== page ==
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Thread: JDL is back and they hate the Black & Brown Nation

  1. #1

    Default JDL is back and they hate the Black & Brown Nation


    they never went away and they are very dangerous and racist -- many operatives are in victoria, bc and they are running wild messing with the peoples heads, cracking out lower income, black, native and muslim hoods (communites) and doing the ol jdl survaliance and harassment trick.

    what can be done?

    "watch the wathcers; assisinate the assassin" -- bruh martyr jonathan jackson



    JDL is back protests Israel Apartheid Week event By PAUL LUNGEN, Staff Reporter
    Thursday, 14 February 2008


    TORONTO The Jewish Defence League of Canada is back again.
    The on-again, off-again organization has been reconstituted under its former leader, Meir Weinstein, in response to a growing radical Islamic element in Canadian society, Weinstein said last week.
    About 50 JDL members along with supporters from other Jewish organizations, held a vigil last week at Ryerson University to protest an Israel Apartheid Week (IAW) event.
    Weinstein, who used to go by the name Meir Halevi, said the JDL's purpose is "to confront anti-Semitism. We see it as worse than ever before.
    "We believe this Israel Apartheid Week program is an attempt to foment hatred for the Jewish people and justification for the terrorists."
    JDL members handed out leaflets and attempted to turn the tables on IAW organizers, arguing Israel's Arab neighbours routinely practice discrimination but do not come under the microscope the way Israel does, he said.
    In addition to protesting anti-Israel events earlier, the group picketed outside the Ontario Institute for Studies in Education (OISE) during an appearance by anti-Zionist speaker Norman Finkelstein JDL monitors various organizations on the Internet and "we have moles in anti-Israeli groups to gather more information," Weinstein said.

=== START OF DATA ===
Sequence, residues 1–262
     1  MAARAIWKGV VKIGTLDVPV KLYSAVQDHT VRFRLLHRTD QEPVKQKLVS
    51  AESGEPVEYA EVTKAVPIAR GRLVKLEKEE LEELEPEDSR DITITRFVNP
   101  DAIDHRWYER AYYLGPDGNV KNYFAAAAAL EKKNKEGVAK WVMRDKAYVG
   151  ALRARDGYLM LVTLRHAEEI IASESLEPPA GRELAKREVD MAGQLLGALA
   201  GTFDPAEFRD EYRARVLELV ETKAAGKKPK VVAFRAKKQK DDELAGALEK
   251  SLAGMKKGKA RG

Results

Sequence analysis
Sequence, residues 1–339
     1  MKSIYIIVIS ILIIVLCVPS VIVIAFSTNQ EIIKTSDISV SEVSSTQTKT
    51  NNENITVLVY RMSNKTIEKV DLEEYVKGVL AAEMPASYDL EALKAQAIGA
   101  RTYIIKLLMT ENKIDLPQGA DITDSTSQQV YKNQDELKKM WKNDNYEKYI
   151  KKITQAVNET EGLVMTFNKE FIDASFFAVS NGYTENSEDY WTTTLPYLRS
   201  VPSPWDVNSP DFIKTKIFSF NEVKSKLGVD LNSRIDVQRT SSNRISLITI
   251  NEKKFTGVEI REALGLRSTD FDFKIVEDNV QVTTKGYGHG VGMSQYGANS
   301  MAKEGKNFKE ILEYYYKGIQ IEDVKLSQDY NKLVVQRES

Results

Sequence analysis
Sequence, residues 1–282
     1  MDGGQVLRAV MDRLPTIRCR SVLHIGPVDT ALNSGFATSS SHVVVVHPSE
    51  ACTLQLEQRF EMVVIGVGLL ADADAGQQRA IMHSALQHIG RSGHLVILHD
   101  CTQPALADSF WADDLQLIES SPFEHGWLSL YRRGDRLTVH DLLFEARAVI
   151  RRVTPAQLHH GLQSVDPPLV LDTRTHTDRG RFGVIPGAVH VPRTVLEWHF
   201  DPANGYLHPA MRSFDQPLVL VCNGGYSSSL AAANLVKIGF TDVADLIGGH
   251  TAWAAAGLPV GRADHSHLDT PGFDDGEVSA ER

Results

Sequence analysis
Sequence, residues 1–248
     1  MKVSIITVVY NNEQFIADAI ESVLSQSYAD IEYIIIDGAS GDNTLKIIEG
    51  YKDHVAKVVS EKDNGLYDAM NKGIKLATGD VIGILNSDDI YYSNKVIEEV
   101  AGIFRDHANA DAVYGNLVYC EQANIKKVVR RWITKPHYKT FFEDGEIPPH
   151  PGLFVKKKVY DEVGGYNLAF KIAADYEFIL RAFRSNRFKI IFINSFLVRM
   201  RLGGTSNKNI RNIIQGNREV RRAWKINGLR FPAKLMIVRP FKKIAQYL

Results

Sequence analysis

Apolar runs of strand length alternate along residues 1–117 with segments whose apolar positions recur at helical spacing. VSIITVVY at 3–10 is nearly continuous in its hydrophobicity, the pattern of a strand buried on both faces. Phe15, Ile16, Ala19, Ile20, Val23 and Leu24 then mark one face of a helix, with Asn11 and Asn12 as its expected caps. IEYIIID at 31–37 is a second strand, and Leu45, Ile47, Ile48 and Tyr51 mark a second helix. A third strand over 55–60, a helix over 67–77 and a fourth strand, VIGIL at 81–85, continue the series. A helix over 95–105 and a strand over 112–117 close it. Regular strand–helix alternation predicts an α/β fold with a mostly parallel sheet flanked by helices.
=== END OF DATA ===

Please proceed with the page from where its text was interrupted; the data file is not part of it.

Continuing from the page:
He said the JDL is also highlighting the participation of Canadian Arab groups at a conference in Cairo last year that forged closer links between the international antiwar movement and Islamic radical organizations, including Hamas and Hezbollah.
    Referring to an Ottawa Citizen story from May 2007, Weinstein said representatives of the Canadian Arab Federation and the Coalition Against Israeli Apartheid as well as Not in my Name Jews Against Israel's Wars, attended the conference.
    The Citizen reported that "according to conference literature, the main purpose of the gathering, sponsored by the officially banned Muslim Brotherhood and Egyptian opposition parties, was to forge 'an international alliance against imperialism and Zionism'."
    Weinstein said "the situation today is more serious than ever."
    People from Islamic states that do not recognize Israel and "who have a negative view of Jews" are immigrating to Canada and bringing those attitudes with them.
    It was at a pro-Hezbollah rally during Israel's 2006 war with the Islamic terror group that Weinstein felt the need to reconstitute the JDL. (It had been most active in the 1980s, was moribund for a time, then was re-invented for a few years as the United Israel Action Committee before again lapsing into inactivity).
    The Hezbollah flag was being flown freely even though Hezbollah had been designated a terrorist organization by the Canadian government. Some chanted "death for the Jews," he said, and police stood by and did nothing.
    The JDL got back together around September 2007. Its first activity was to protest a forum sponsored by the Coalition against Israeli Apartheid at OISE. Fistfights broke out when supporters of the Coalition confronted JDL protesters, Weinstein said.
    "We don't think it's fair that when we're protesting that people should put fists in our faces and try to push us around. That doesn't happen," he said.
    Last week's protest at the IAW event was peaceful. "We are not looking to start any confrontation," he said. "The emphasis is on defence."
    Weinstein distanced the JDL in Canada from the American JDL whose leader Irv Rubin was jailed for planning bomb attacks against Muslims (he died awaiting trial). Weinstein said there were no organizational links between the two groups, though he did contribute to its website.
    The JDL name "has more positives to it than negatives. I think haters of Jews are used to seeing Jews as timid and easy to push around. The JDL makes it clear this is one group you can't push around," he said.


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